On the way to the capitol, marchers made a stop at Tougaloo. The school, dubbed the "cradle of the Mississippi Civil Rights Movement," had played an integral role in arousing interest in political change in the state. Already, in 1961, the Tougaloo Nine had attempted to integrate Jackson libraries with read-ins in "white" libraries. Now, the campus was full of students and others waiting to be inspired by the words of King and other civil-rights leaders.
Though King led the march from Tougaloo, it was Carmichael who rallied the crowd at the capitol, giving a louder voice to "Black Power" over "Freedom Now." Change was in the air.
On NBC's Today Show, each of the major players of the Meredith March explained their view of what the words "Black Power" meant. Dr. King said this:
"Well, I think I should say first that I've made it clear over and over again that I think the term 'Black Power' is an unfortunate one, not because of its denotative meaning, but because of certain connotations that have been connected with it. And I think the advocates of 'Black Power' are saying something very basic in substance, and that is that the Negro must have political and economic power if he is to move meaningfully and creatively toward the goals of the good life and into the mainstream of American life. He must be able to determine his destiny, and I think it's also saying that there must be a sense of racial pride."
King was asked if he and Carmichael had the same thoughts on what "power" meant, and he responded, "I don't know about that."
This marks the first of an occasional series of historical essays written by Ayana Taylor, a former reporter for the Jackson Free Press, and now a contributing editor.
Good article. I always thought Stokely Carmichael/Kwame Ture had gotten a bad rap; he wrote an entire book, Black Power, on what he meant by the term, and it was very clear to me as a reader that he meant social, political, and economic power. Black Power means buy from black-owned businesses. Black Power means invest in black enterprises. Black Power means attend black colleges. Black Power simply means supporting the community so that it can achieve parity. I don't think that's always the best way to look at things, especially when it conflicts with integration, but it isn't racist. It's anti-racist; it's an attempt to correct for racism.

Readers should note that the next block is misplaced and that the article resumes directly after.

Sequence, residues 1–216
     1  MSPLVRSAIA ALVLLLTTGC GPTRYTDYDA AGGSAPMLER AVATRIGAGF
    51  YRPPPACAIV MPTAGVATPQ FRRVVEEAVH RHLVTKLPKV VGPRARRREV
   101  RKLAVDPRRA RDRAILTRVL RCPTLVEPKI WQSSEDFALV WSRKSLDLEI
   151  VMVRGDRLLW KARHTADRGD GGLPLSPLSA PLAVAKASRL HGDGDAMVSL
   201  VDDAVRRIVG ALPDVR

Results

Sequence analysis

And this is what the White Power = Black Power crowd doesn't get. Here's the difference: Both begin with an acknowledgment of power disparity. Whites are disproportionately rich and influential, blacks disproportionately poor and disenfranchised. Black Power says okay, this disparity is a problem, and here's how we can address it to get everybody on equal footing because people are fundamentally equal. That's not racist; it's basically a form of affirmative action. White Power says okay, this disparity is FANTASTIC, and here's how we can expand it further because the people on the bottom deserve to be on the bottom. That's a fundamentally racist idea; it's basically indistinguishable from the objectives of Jim Crow.
So I'm an integrationist first and foremost, but I also believe in Black Power. And everyone else who believes in eliminating the gross income and power disparities between blacks and whites also believes in Black Power, whether they know it or not.
- Tom Head
Great comment Tom. Thanks for the article, Ayana. Quite timely and well done. Tell your mother I said hello.
I too have always liked Stokely. I saw him walking around Tougaloo's campus many times while I was a student. Also listened to him speak several times. I regret I didn't get to meet Dr. King. I did pledge the fraternity he belonged to, and have many books he wrote. Hopefully, we will soon come up with the other 30 million we need to complete the monument on the national mall recognizing his contributions.
- Ray Carter